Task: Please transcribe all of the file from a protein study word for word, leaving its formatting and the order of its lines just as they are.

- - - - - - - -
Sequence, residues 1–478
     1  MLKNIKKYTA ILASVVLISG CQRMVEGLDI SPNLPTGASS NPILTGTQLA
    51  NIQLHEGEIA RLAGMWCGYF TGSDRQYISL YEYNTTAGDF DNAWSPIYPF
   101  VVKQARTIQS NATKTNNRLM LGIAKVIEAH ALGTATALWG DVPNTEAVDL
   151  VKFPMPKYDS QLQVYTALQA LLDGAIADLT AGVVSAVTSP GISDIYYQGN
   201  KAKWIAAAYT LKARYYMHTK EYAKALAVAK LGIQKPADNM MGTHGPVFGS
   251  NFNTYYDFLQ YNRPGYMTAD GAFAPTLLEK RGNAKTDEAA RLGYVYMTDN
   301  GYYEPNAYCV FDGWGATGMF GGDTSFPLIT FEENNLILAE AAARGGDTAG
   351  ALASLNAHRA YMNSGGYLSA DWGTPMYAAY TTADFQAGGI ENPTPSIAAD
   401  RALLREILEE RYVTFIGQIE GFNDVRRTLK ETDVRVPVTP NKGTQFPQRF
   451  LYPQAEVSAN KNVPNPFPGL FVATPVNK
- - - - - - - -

Sequence, residues 1–478
     1  MLKNIKKYTA ILASVVLISG CQRMVEGLDI SPNLPTGASS NPILTGTQLA
    51  NIQLHEGEIA RLAGMWCGYF TGSDRQYISL YEYNTTAGDF DNAWSPIYPF
   101  VVKQARTIQS NATKTNNRLM LGIAKVIEAH ALGTATALWG DVPNTEAVDL
   151  VKFPMPKYDS QLQVYTALQA LLDGAIADLT AGVVSAVTSP GISDIYYQGN
   201  KAKWIAAAYT LKARYYMHTK EYAKALAVAK LGIQKPADNM MGTHGPVFGS
   251  NFNTYYDFLQ YNRPGYMTAD GAFAPTLLEK RGNAKTDEAA RLGYVYMTDN
   301  GYYEPNAYCV FDGWGATGMF GGDTSFPLIT FEENNLILAE AAARGGDTAG
   351  ALASLNAHRA YMNSGGYLSA DWGTPMYAAY TTADFQAGGI ENPTPSIAAD
   401  RALLREILEE RYVTFIGQIE GFNDVRRTLK ETDVRVPVTP NKGTQFPQRF
   451  LYPQAEVSAN KNVPNPFPGL FVATPVNK